LOS ANGELES – Sid Caesar, the TV comedy pioneer whose rubber-faced expressions and mimicry built on the work of his dazzling team of writers that included Woody Allen and Mel Brooks, died Wednesday. He was 91.
Family spokesman Eddy Friedfeld said Caesar, who also played coach Calhoun in the 1978 movie "Grease," died at his home in the Los Angeles area after a brief illness.
In his two most important shows – "Your Show of Shows," 1950-54, and "Caesar's Hour," 1954-57 – Caesar displayed remarkable skill in pantomime, satire, mimicry, dialect and sketch comedy. And he gathered a stable of young writers who went on to worldwide fame in their own right – including Carl Reiner, Neil Simon, Larry Gelbart ("M*A*S*H") and Allen.
"He was one of the truly great comedians of my time and one of the finest privileges I've had in my entire career was that I was able to work for him," Allen said in a statement.
Reiner, who was a writer-performer on the breakthrough "Your Show of Shows" sketch program, said Caesar could "connect with an audience and make them roar with laughter."
"Sid Caesar set the template for everybody," Reiner said. "He was without a doubt, inarguably, the greatest sketch comedian-monologist that television ever produced. He could adlib. He could do anything that was necessary to make an audience laugh."
While best known for his TV shows, he also had success on Broadway and occasional film appearances, including the 1963 comic epic "It's a Mad Mad Mad Mad World," "Grease" and its sequel, "Grease 2," in 1982.
If the typical funnyman was tubby or short and scrawny, Caesar was tall and powerful, with a clown's loose limbs and rubbery face, and a trademark mole on his left cheek. But Caesar never went in for clowning or jokes. He wasn't interested. He insisted that the laughs come from the everyday.
"Real life is the true comedy," he said in 2001. "Then everybody knows what you're talking about."
The son of Jewish immigrants, Caesar was a wizard at spouting melting-pot gibberish that parodied German, Russian, French and other languages. His Professor was the epitome of goofy Germanic scholarship.
"As wild an idea as you get, it won't go over unless it has a believable basis to start off with," he told The Associated Press in 1955. "The viewers have to see you basically as a person first, and after that you can go on into left field."
Caesar's most celebrated collaborator was Imogene Coca, his "Your Show of Shows" co-star.
Coca and Caesar performed skits that satirized the everyday – marital spats, inane advertising, strangers meeting and speaking in clichés. "The Hickenloopers" husband-and-wife skits became a staple.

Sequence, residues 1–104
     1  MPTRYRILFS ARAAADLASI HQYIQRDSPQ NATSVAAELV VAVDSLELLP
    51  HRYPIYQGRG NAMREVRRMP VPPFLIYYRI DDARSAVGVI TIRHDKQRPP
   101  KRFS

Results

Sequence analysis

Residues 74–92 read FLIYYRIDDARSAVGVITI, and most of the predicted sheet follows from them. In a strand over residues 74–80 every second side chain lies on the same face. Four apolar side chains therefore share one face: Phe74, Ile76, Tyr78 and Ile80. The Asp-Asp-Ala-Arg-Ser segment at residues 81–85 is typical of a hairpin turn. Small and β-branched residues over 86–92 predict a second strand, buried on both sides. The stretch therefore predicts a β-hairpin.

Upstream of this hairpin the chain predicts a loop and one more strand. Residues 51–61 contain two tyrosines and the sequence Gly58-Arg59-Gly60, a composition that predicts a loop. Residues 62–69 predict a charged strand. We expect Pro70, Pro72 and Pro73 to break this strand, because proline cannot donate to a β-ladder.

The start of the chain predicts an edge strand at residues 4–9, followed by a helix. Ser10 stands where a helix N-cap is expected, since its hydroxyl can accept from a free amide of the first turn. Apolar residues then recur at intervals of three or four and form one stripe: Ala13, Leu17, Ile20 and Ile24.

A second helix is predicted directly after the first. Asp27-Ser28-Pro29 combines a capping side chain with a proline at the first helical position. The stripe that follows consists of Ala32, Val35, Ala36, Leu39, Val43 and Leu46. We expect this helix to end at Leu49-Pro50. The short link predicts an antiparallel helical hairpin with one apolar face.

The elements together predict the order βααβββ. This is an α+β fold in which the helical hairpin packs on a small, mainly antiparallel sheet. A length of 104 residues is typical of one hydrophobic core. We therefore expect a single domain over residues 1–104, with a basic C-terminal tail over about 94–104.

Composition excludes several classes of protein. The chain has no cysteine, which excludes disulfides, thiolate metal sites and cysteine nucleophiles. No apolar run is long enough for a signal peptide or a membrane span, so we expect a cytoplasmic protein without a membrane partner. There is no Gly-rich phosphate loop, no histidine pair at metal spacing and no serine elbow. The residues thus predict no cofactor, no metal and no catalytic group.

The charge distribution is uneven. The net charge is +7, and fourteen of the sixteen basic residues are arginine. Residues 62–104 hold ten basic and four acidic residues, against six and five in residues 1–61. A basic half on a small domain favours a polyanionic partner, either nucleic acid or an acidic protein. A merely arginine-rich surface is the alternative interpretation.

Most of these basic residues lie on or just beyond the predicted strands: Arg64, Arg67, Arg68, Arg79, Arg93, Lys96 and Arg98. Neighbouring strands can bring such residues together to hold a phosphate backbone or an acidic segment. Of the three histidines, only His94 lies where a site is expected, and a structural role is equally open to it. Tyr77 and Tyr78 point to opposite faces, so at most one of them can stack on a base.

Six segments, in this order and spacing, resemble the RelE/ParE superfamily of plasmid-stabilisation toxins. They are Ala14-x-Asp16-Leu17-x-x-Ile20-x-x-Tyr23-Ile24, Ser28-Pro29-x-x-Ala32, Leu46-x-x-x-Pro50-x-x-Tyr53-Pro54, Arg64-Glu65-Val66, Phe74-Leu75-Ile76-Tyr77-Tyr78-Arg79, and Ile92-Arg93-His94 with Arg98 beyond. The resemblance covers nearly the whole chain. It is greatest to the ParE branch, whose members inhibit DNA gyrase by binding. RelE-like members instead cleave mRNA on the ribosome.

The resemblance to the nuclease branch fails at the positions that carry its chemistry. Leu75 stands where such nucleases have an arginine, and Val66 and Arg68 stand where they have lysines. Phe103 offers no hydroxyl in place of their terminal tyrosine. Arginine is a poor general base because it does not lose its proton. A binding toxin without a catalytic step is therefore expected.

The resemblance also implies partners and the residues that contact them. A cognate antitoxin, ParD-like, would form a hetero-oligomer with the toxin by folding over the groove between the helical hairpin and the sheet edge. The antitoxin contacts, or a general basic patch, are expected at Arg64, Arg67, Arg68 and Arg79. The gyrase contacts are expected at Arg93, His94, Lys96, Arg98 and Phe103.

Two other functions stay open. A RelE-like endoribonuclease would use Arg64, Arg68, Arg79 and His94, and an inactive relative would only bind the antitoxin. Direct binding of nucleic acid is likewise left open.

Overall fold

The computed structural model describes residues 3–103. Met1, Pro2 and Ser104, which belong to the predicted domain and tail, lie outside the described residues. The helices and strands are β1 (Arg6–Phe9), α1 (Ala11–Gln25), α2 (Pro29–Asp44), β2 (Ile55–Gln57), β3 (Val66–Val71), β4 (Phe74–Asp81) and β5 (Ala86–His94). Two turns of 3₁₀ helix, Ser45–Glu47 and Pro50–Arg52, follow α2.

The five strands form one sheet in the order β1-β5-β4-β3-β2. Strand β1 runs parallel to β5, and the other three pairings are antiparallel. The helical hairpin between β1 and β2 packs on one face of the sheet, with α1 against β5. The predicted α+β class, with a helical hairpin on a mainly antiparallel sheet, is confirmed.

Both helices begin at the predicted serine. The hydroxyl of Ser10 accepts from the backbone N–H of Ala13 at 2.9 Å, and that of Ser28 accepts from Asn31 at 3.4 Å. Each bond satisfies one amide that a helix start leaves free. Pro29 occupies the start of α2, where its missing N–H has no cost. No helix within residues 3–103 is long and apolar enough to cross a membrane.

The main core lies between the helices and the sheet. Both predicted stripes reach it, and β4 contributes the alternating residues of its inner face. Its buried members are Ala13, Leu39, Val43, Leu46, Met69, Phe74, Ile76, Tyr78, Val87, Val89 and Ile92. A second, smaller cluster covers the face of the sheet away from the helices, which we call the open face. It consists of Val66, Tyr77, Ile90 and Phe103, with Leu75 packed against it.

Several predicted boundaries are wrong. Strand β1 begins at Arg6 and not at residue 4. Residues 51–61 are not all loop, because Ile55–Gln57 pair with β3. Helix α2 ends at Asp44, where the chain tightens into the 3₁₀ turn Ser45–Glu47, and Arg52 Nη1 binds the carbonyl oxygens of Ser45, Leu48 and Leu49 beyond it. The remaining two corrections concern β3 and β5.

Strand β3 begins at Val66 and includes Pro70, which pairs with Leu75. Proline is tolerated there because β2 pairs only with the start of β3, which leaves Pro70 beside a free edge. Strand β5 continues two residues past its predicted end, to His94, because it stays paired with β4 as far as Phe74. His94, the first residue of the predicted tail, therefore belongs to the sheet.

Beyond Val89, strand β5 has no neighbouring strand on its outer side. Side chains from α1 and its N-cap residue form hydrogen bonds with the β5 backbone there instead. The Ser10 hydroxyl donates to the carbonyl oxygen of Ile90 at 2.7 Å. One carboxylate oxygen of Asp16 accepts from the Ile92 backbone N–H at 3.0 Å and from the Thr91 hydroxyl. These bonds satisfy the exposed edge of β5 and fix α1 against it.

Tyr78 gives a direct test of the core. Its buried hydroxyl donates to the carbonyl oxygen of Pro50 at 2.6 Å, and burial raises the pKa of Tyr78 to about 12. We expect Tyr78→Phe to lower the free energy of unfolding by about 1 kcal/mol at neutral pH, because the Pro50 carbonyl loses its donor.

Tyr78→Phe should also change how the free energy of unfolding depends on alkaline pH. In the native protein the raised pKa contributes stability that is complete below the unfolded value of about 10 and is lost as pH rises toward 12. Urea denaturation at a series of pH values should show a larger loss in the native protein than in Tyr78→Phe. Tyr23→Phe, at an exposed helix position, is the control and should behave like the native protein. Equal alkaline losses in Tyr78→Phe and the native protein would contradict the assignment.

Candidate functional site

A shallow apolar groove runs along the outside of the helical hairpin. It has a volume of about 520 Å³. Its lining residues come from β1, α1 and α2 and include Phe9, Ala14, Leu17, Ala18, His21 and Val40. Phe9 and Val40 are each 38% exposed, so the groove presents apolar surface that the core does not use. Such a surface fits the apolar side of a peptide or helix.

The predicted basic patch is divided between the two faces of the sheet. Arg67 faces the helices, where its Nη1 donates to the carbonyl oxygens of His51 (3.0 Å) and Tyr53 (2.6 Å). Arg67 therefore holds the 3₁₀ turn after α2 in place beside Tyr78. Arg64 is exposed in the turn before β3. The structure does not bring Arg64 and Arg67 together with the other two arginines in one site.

Reiner based his "Dick Van Dyke Show" – with its fictional TV writers and their temperamental star – on his experiences at the Caesar show. Simon's 1993 "Laughter on the 23rd Floor" and the 1982 movie "My Favorite Year" also were based on the Caesar show.
He was one of many stars who raced to find buried treasure in "It's a Mad Mad Mad Mad World," and in 1976 he put his pantomime skills to work in Brooks' "Silent Movie."
But he looked back on those years as painful ones. He said he beat a severe, decades-long barbiturate and alcohol habit in 1978, when he was so low he considered suicide.
"I had to come to terms with myself. 'Yes or no? Do you want to live or die?' " Deciding that he wanted to live, he recalled, was "the first step on a long journey."
Caesar was born in 1922 in Yonkers, N.Y., the third son of an Austrian-born restaurant owner and his Russian-born wife.
His talent for comedy was discovered when he was serving in the Coast Guard during World War II and got a part in a Coast Guard musical, "Tars and Spars." He also appeared in the movie version.
"Your Show of Shows" and "Caesar's Hour" reached as many as 60 million viewers weekly and earned its star $1 million annually.
When "Caesar's Hour" left the air in 1957, Caesar was only 34. But the unforgiving cycle of weekly television had taken a toll: His reliance on booze and pills for sleep every night so he could wake up and create more comedy.
It took decades for him to hit bottom. In 1977, he was onstage in Regina, Saskatchewan, doing Simon's "The Last of the Red Hot Lovers" when, suddenly, his mind went blank. He walked off the stage, checked into a hospital and went cold turkey. Recovery had begun, with the help of wife, Florence, who was by his side for more than 60 years and helped him weather his demons.
"You think just because something good happens, THEN something bad has got to happen? Not necessarily," he said with a smile in 2003, pleased to share his hard-won wisdom: "Two good things have happened in a row."